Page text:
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Table 5 Number (n) and percentage receiving disability benefit, association (odds ratio) with level of education among attendees and all invited. The Oslo Health Study 2000–2001.

From: The Oslo Health Study: The impact of self-selection in a large, population-based survey

Education * Attendees All invited
  n % Odds ratio (95% CI) n % Odds ratio (95% CI)
Men         
Age 40+45         
   Lower secondary 30 9.3 Ref.   143 14.4 Ref.  
   Upper secondary 41 3.3 0.34 (0.21 – 0.55) 159 5.0 0.31 (0.25 – 0.40)
   College/University 15 1.2 0.12 (0.06 – 0.23) 58 2.0 0.12 (0.09 – 0.17)
Age 59–60         
   Lower secondary 116 31.3 Ref.   318 38.9 Ref.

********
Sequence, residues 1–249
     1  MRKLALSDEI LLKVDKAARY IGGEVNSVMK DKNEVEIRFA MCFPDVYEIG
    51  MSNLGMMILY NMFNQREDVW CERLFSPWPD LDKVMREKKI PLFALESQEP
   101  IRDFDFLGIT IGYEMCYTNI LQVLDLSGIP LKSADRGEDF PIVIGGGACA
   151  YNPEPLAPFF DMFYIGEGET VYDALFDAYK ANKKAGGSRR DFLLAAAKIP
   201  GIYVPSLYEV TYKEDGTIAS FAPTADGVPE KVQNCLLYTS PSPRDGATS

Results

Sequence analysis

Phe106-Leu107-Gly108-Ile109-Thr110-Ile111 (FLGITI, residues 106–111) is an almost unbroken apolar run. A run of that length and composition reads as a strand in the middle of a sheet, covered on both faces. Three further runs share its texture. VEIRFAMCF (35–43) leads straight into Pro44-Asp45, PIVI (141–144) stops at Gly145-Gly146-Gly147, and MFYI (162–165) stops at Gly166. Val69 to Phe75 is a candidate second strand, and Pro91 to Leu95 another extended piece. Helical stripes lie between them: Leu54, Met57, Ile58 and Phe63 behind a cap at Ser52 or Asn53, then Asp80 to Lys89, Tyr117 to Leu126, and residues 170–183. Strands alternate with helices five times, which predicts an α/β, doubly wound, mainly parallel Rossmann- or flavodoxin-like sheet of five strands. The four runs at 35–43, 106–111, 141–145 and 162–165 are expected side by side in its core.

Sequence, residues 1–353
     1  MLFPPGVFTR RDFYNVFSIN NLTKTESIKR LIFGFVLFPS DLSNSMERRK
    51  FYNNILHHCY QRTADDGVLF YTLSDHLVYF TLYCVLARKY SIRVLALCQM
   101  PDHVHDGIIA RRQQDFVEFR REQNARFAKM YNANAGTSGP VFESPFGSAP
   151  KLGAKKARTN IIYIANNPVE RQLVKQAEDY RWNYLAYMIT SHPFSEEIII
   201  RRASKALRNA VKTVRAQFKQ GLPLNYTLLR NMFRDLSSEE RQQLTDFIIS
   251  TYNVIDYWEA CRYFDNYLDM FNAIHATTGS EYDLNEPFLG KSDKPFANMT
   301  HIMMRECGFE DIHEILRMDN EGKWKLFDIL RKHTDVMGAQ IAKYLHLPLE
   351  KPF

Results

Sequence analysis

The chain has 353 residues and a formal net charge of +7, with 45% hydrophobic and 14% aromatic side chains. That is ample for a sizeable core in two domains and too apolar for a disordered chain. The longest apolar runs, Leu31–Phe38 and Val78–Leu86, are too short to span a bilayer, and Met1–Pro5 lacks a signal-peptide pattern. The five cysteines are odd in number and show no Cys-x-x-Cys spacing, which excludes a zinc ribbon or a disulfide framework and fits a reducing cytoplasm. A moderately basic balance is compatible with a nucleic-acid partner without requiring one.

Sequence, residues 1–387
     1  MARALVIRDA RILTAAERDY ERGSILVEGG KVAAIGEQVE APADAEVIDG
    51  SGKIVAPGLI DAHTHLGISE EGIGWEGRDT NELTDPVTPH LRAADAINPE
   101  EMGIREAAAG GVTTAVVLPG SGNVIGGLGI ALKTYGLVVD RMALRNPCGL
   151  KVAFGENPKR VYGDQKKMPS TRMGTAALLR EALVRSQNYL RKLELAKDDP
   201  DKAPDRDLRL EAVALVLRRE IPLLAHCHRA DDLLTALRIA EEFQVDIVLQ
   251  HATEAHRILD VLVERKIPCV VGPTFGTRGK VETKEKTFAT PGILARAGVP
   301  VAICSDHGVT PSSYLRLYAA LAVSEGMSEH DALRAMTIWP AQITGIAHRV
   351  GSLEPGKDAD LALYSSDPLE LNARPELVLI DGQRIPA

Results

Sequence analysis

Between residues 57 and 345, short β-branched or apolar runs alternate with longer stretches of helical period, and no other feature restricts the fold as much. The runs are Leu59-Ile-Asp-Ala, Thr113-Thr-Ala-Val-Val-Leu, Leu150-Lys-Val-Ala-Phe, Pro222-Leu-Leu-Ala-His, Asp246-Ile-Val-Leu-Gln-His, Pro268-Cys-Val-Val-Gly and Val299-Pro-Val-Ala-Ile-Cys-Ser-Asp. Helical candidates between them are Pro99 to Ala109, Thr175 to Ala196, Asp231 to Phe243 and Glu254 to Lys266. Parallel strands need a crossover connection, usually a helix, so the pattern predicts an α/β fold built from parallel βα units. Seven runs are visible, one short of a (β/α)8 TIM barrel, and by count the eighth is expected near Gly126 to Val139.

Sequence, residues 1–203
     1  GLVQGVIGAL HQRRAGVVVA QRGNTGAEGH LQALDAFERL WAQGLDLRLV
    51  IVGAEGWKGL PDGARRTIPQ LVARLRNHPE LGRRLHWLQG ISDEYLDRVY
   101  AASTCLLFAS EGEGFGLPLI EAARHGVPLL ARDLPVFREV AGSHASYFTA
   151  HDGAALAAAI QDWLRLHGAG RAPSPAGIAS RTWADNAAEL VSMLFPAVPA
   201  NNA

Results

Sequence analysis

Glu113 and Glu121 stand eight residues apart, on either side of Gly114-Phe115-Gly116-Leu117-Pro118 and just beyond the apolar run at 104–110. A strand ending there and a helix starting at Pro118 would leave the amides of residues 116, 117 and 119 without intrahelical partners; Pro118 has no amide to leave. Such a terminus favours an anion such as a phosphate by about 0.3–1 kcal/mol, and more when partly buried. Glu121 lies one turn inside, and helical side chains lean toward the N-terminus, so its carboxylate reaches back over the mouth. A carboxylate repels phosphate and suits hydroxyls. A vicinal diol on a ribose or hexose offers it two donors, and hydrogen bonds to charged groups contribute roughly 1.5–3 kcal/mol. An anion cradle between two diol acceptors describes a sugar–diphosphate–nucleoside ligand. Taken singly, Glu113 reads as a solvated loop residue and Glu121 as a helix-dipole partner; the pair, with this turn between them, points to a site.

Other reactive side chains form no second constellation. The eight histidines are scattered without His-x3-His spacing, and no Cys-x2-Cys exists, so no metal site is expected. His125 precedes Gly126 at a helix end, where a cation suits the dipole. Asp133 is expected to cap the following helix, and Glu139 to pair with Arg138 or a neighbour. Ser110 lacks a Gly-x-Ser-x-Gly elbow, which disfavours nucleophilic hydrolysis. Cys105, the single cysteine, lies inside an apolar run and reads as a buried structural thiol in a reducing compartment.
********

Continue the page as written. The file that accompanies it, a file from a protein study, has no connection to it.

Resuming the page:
Upper secondary 142 15.5 0.40 (0.30 – 0.53) 338 20.0 0.39 (0.33 – 0.47)
   College/University 36 4.8 0.11 (0.08 – 0.17) 83 6.5 0.11 (0.08 – 0.14)
Women         
Age 40+45         
   Lower secondary 38 10.1 Ref.   119 13.8 Ref.  
   Upper secondary 77 5.0 0.47 (0.31 – 0.70) 199 6.7 0.45 (0.36 – 0.58)
   College/University 37 2.4 0.22 (0.14 – 0.36) 85 3.0 0.20 (0.15 – 0.26)
Age 59–60         
   Lower secondary 170 35.0 Ref.   396 39.7 Ref.  
   Upper secondary 224 19.9 0.46 (0.37 – 0.59) 449 23.7 0.47 (0.40 – 0.55)
   College/University 65 10.6 0.22 (0.16 – 0.30) 128 13.2 0.23 (0.18 – 0.28)
  1. * Testing of interaction between attendance and education in a logistic regression model including all men and women aged 40, 45, 59 and 60 years, and age and sex as covariates in addition to attendance and education, was not significant (p > 0.05).